It has been two hundred and seventy four days since I last saw my family in the flesh.
Two hundred and seventy four days since I stood on Earth, since I inhaled the buttery Guatemalan air, since my fingers brushed the marigolds in Mama's florist shop.
Two hundred and seventy four days since I died under Gautemalan dirt.
But two minutes, the clock will tick to 6:00 a.m., and it will be November 1st for us, the dead.
Día de los Muertos, the Day of the Dead, will officially begin, and the Gates will open for us to tread the dirt of the living for a precious two days.
"Attention, dead souls." Mr. Graves's voice cuts through the uproarious noise in the premises. The violet lighting inside the Afterlife cabins casts ghostly shadows over his face, flickering across his gaunt cheekbones and skeletal nose. He shifts his polished boots on the high metal podium.
It's usually ridiculously loud on holidays like these when the Gateways are open, and today is no exception. Everybody is congested in the banquet halls in eager anticipation of the Gate opening.
The white Calavera Catrina skull makeup dusted thickly across my face itches my skin, but I don't dare touch it for fear of ruining the traditional design. Besides, it gives a certain opaqueness to my normally diaphanous ghost body; I almost feel like I'm alive again when I twirl in the mirror.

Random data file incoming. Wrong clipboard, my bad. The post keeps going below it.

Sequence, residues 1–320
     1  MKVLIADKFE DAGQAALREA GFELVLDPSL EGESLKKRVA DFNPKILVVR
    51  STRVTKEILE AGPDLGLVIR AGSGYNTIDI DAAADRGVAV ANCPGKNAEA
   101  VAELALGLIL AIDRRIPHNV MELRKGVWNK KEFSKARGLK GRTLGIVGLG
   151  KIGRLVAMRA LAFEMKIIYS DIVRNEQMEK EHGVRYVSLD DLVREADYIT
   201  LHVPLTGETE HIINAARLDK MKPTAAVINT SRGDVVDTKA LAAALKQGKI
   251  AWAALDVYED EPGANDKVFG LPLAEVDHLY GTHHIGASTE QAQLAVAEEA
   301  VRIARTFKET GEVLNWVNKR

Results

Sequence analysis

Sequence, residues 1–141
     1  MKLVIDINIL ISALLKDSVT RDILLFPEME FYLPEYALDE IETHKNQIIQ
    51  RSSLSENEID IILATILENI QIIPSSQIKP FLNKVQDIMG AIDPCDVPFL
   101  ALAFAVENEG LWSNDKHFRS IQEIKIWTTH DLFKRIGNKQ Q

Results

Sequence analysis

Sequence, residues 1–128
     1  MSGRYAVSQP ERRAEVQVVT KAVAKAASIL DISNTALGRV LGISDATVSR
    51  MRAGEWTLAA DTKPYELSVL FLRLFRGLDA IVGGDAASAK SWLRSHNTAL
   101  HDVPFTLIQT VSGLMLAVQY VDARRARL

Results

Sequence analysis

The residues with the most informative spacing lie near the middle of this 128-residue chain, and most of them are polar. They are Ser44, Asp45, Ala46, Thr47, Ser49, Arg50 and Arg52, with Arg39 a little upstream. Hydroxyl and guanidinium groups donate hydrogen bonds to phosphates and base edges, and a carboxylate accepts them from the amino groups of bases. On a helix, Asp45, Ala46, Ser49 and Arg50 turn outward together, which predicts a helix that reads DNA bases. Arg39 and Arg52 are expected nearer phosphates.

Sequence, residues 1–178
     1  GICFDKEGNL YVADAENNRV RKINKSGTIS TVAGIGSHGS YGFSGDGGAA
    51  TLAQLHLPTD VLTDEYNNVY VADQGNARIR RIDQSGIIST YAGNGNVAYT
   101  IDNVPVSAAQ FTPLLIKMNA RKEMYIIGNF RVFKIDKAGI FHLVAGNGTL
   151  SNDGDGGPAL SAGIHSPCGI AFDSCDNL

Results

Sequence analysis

Vibrant tapestries spun from gold silk hang from the looming walls on either side, and tangy spices of pastries and appetizers linger in the air. Girls decked in multicoloured silks and boys clad in polished suits stream around me, chattering nervously. The scars marring their skins - the ones that caused their respective demises - are covered up today, and the gash on my stomach is no exclusion.
The Afterlife, ironically, feels alive today.
"The Day of the Dead Gates are opening in two minutes. If you have purchased a ticket, please bring your ticket and all other forms to the Loading Dock. This is the only passageway between the Afterlife and Earth in an entire year, so I highly suggest taking this chance to see your family again," Mr. Graves states pointedly. "Other than Day of the Dead, you deceased folk will never see your friends and relatives again. And I repeat, departure is in two minutes."
I can't resist a grin briefly glossing over my lips. I will see Mama and Papa again. Soon. So soon.
Instantly, everybody begins shoving toward the Loading Dock, a floating platform bobbing at the left side. It hovers midair above a dark chasm. They file slowly onto the Loading Dock, one by one. The assistant admits me into the platform after receiving my ticket, tearing it up, and throwing me a perfunctory nod.